# Intermediate Algebra with Geomet

# Intermediate Algebra with Geometry

**Course Title** Intermediate Algebra with Geometry

**Credit Hours** 5

**Prerequisites **Grade of C or better in Mathematics 110 or Mathematics 98,
or placement

test, or consent of department chair.

**Section** 99 ABC (section number:87297)

**Classes** Monday, Wednesday, 9:00 AM - 11:25 AM in Room 3979

**Instructor** Marta Hidegkuti

**Office: **Room 3812

**Office Hours
**Walk-in (conference hours)

Monday 4:30 - 5:30

Monday, Wednesday 11:30 - 12:00 and 1:15 - 1:45

Tuesday, Thursday 10:15 - 10:45

By appointment (advisement hours)

Thursday 2:00 - 3:00

Friday 10:00 - 12:00

**Textbook**

Beginning and Intermediate Algebra; second edition; Julie Miller, Molly O’Neil,

and Nancy Hyde; McGraw Hill, 2008; ISBN Number : 978-0-07-305281-6.

**MathZone
**

**If you have used MathZone last semester with Math 98, your account is**

valid for this course. If you buy the textbook at Beck’s Bookstore, it will

valid for this course

automatically include access to MathZone. Books purchased at a different

location may not have MathZone access.

**Calculator
**The use of a scientific calculator is strongly recommended. Students are

expected to bring the calculator to class . The optimal calculator is

**TI-30X II S**.

The price of this model is between $15 and $20. Do NOT purchase a different

calculator if it is significantly more expensive. It is not true that more expensive

calculators are easier to use.

**During quizzes and exams, students are not**

allowed to use a graphing calculator. Students are not allowed to use a cell

phone as a calculator any time during class.

allowed to use a graphing calculator. Students are not allowed to use a cell

phone as a calculator any time during class.

**is located in room L129. Students are encouraged to seek**

Tutoring

Center The Tutoring Center

Tutoring

Center The Tutoring Center

help and guidance during the course. Students have already paid for this service

as part of tuition fees. Please note: in order to receive tutoring, students need to

sign up in advance.

**SSLI**

The Student Success and Leadership Institute (SSLI)is located in room

The Student Success and Leadership Institute (SSLI)

1435. SSLI offers free services to students, including tutoring, orientation, help

with e-mail account or registration.

**Important Dates**

First class: Wednesday, January 21

Exam 1: Wednesday, February 11

Holiday, no class: Monday, February 16

Exam 2 (same as Midterm Exam): Wednesday, March 11

Spring Break: April 6-12

Exam 3: Wednesday, April 15

Last day to withdraw from classes: Monday, April 20

Exam 4 (same as Final Exam): Wednesday, May 13

End of Semester: Saturday, May 16

**Attendance Policy
**Attendance is an essential part of the course. Regular attendance is
expected of

all students in the course. Attendance will be taken each class period. Students

are expected to be on time and to attend the entire session. Please make every

effort to arrive to class on time. If you arrive after attendance has been taken,

check at the end of class that your attendance record has been corrected. If you

are absent, you are responsible for all work and assignments covered in lecture

that day.

**Administrative Withdrawal**

If a student misses two of the first three classes, he or she will be

dropped. Students will be administratively withdrawn at midterm (October 15) if

at least two of the following apply:

1. Less than 70% of assignments up to the midterm have been completed.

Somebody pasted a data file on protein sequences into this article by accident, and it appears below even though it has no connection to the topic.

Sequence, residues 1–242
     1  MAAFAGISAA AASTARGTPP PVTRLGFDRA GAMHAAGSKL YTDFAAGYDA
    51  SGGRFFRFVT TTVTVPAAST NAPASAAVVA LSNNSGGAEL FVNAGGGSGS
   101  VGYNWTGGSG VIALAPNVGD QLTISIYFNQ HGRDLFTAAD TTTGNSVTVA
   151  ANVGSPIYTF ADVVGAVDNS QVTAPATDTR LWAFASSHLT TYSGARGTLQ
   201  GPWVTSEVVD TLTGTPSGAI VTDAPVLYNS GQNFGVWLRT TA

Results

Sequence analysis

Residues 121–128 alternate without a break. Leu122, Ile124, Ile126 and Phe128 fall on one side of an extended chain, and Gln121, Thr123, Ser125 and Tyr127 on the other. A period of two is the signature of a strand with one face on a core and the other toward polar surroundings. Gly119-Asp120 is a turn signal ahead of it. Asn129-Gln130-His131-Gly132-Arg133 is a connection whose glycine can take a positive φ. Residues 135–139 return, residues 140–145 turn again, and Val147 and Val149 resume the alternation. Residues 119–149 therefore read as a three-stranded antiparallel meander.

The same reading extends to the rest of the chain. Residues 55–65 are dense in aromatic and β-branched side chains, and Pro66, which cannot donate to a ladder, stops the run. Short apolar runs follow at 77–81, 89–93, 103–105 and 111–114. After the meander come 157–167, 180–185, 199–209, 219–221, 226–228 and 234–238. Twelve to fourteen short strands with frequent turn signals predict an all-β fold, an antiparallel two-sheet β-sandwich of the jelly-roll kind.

2. Less than 70% of quizzes and tests up to the midterm have been attempted.

3. Less than 50% of class sessions up to the midterm have been attended.

4. Student missed 4 consecutive classes.

**Student Initiated Withdrawal**

Not attending classes does not constitute withdrawal from the course.

After the midterm date, instructors can no longer drop students from the course

based on attendance. If students stop attending classes after the midterm, the

instructor can only assign a grade of F.

**If you no longer attend classes, it is**

essential that you stop by at the registrar’s office and officially withdraw

from the courseto protect your average. The last day for student initiated

essential that you stop by at the registrar’s office and officially withdraw

from the course

withdrawal is April 20, 2009. Before withdrawing from the course, students are

encouraged to consult the instructor.

**Grading Scale**

Grading of all assignments, quizzes, and exams will be based on the following

scale.

90-100 A

80-89 B

70-79 C

60-69 D

0-59 F

**Midterm Grade**

** If the Midterm Exam (same as Exam 2) is below 70%, a D or F will be given
as midterm grade**. In other words, students must earn a passing grade on the

exam to receive a passing midterm grade for the course. If the midterm exam is

at least 70%, the midterm grade will be the weighted average of the grades

shown below with their weights.

Exam 1: 25%

Exam 2 (Midterm Exam): 35%

Quizzes: 30%

Homework: 10%

Extra Credit Assignments: 5%

Before determining the grade given for quizzes, the lowest quiz score will be

dropped.

**End of term testing :
**at the end of semester,

**all students MUST**

**take the COMPASS diagnostic skill**

test.If a student does not take the COMPASS test, he or she will receive an

test.

incomplete for final grade. The COMPASS test will count as 5% of the final exam

grade.

**Final Grade**

**If the Final Exam (same as Exam 4) is below 70%, a D or F will be given as**

final grade.In other words, students must earn a passing grade on the exam to

final grade.

receive a passing final grade for the course. If the final is at least 70%, the

midterm grade will be the weighted average of the grades shown below with their

weights.

Exam 1: 15%

Exam 2 (Midterm Exam): 15%

Exam 3: 20%

Exam 4 (Final Exam): 20%

Quizzes: 20%

Homework: 10%

Extra Credit Assignments: 5%

Before determining the grade given for quizzes, the two lowest quiz scores will

be dropped.

**Successful Completion:
**If a student receives a final grade of C or better, he or she may take the
next

mathematics course, regardless of the end of term COMPASS test results. If the